More Articles & Plans from
Vintage American Aircraft Modeler Magazines

WWII Douglas A-20 Boston / Havoc bomberI recently purchased a few more vintage American Aircraft Modeler magazines off of eBay. Motivation for doing so is two-fold: I like to see old editions from my younger days of modeling, and I want to make the information available to others who are looking for information that can no longer be easily located. Scanning and cleaning up the pages for a decent presentation takes a lot of work, so new material will appear here a little at a time. The first subject is the WWII Douglas A-20 Boston / Havoc bomber, as it appeared in the November 1970 edition.

Sig Citabria Acquired - Plans Reduced

Sig Citabria Kit ContentsWell, after many moons of waiting for an opportunity to build another Sig Citabria, I finally made the leap and bought one. A fine fellow named Jim W., from near Cincinnati, OH, had an ad on Craigslist. He packaged it up real nice and sent it to me. After so long of a time (nearly 20 years) I had forgotten how big it was - especially for a guy who, except for sailplanes, has been building and flying models with no more than 4-foot wingspans. I will keep you apprised of the progress. Click on the photo, please.

Vintage "Grid Leaks R/C DATA SERVICE"
Magazine Archive Available

Aiaplanes and Rockets - Grid Leaks magazineFor those who have been around since the beginning of radio control, you probably fondly recall "Grid Leaks R/C DATA SERVICE" magazine, published by Paul F. Runge. It was published bi-monthly as an experimenters' venue for the latest innovations in R/C.  The Rogue Bay website has an extensive collection of editions beginning with the 1957 Grid Leaks Volume 1 Number 1, and going through 1966 Grid Leaks Volume 7 Number 6. These PDF files are huge in size (some are 70 MB or more), so you might want to save a copy to your hard drive for reading. They appear to be scanned and published full-size, so even the old eyeballs won't have to squint too hard to read them ;-). I do not know if there are copyright issues with the reproductions, but someone might be able to take these documents and significantly reduces the file sizes. - Thanks to Barry L. for the tip.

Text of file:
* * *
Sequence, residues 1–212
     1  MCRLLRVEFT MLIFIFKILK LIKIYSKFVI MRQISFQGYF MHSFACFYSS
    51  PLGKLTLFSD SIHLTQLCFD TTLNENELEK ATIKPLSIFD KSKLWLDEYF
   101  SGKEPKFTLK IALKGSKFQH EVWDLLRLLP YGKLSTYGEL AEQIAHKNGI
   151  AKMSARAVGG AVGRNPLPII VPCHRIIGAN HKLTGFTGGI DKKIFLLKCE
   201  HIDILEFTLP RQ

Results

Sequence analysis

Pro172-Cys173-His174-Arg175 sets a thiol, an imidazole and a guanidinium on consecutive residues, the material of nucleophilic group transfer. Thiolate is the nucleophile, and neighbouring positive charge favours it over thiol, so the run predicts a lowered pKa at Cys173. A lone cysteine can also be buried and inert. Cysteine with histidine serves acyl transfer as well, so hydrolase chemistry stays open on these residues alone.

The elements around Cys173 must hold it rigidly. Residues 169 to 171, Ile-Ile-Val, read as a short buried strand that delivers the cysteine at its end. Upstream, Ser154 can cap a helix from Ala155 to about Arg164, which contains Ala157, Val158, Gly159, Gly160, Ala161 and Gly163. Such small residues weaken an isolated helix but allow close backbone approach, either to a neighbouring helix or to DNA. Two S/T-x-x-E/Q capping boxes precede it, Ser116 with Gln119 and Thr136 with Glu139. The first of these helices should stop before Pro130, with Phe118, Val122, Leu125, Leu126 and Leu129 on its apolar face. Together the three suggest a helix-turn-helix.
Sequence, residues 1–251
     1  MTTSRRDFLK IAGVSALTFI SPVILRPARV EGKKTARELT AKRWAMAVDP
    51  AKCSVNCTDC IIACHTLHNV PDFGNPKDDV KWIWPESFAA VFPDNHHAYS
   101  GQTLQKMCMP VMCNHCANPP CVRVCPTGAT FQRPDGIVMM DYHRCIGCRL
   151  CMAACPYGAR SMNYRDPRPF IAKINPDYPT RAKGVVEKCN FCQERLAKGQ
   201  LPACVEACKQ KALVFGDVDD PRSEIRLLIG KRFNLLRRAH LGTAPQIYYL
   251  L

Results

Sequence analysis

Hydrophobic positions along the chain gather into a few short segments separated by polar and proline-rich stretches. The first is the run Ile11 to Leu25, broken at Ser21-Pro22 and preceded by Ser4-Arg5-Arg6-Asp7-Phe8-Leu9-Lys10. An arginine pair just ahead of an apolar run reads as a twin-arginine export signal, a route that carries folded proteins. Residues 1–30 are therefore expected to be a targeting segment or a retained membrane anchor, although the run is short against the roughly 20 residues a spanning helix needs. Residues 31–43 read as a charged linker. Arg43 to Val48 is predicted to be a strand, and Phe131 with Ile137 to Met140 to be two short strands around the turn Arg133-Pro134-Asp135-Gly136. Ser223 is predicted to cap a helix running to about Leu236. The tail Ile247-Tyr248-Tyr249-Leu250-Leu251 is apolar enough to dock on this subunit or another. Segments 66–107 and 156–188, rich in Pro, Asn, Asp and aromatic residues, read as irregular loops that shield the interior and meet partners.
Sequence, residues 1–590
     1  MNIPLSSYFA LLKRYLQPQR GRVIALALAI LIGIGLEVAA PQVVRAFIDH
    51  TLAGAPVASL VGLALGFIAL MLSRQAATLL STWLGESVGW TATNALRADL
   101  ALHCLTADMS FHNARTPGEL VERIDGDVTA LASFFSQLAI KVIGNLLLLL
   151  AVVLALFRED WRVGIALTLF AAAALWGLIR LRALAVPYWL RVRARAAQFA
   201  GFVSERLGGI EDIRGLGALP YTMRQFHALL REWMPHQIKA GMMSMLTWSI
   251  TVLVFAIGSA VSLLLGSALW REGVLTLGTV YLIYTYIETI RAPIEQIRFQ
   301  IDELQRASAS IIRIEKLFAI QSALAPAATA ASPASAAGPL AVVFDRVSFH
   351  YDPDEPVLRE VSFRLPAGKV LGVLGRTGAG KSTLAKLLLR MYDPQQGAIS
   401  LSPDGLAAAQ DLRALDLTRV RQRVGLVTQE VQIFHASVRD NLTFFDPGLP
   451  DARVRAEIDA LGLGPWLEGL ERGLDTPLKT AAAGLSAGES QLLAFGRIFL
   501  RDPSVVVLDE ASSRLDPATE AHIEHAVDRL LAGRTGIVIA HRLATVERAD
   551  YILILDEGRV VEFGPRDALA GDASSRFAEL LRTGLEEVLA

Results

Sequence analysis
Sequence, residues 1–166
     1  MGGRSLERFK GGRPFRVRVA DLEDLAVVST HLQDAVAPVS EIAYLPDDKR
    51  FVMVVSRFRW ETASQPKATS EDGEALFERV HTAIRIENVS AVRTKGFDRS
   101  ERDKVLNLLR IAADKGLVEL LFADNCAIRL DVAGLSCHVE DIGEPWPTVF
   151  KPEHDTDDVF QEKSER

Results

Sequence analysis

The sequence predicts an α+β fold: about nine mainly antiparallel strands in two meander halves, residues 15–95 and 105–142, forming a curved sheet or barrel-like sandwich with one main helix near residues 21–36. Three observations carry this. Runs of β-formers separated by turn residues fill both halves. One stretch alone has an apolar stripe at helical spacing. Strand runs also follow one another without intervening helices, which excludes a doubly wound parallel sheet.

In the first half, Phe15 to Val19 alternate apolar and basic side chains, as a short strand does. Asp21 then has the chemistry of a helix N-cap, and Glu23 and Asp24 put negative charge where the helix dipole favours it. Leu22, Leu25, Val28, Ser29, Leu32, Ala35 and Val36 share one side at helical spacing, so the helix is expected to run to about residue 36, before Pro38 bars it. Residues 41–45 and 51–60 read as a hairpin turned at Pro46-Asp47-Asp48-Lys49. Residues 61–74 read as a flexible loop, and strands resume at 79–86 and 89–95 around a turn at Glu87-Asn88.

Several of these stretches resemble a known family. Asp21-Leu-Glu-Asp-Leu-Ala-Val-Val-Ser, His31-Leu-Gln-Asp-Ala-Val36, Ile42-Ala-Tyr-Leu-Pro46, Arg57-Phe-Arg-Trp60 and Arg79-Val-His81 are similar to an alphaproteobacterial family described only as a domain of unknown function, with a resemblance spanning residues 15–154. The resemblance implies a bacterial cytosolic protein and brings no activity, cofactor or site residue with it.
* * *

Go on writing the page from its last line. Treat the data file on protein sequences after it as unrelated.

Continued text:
November 5 Update on the Manzano Laser Works'
Sopwith Camel

Sopwith Camel ready for its maiden flightWhile the Manzano Laser Works Sopwith Camel (by Peter Rake) kit is very nice, the assembly instructions provided with it are severely lacking in detail and clarity. Although my progress has been slow because of other duties, I have been documenting the process as I go. Manzano Laser Works Sopwith Camel, designed by Peter Rake. Here is the open framework ready for covering.Surely other modelers have devised methods for assembly different from or even better than mine, but at least these photos and instructions will help make the process a bit easier and error-free for someone else. My Camel will have rudder (hence the additional dihedral), elevator, and throttle control using a Spektrum 5-channel system.

Items of Special Interest on
Airplanes and Rockets Website

Crossword Puzzles in Model Aviation

Crossword in the November 2001 Model Aviation - by Kirt BlattenbergerWhilst going through some items getting them ready for a November swap meet, I ran across a November 2001 edition of Model Aviation that had one of my crossword puzzles printed in it. Bob Hunt graciously offered to print six of them, and this was the first. Now all six crossword puzzles are available (I originally only had one posted).

Airplane Plan Pages Scanned from 1960s and 1970s
American Aircraft Modeler Magazine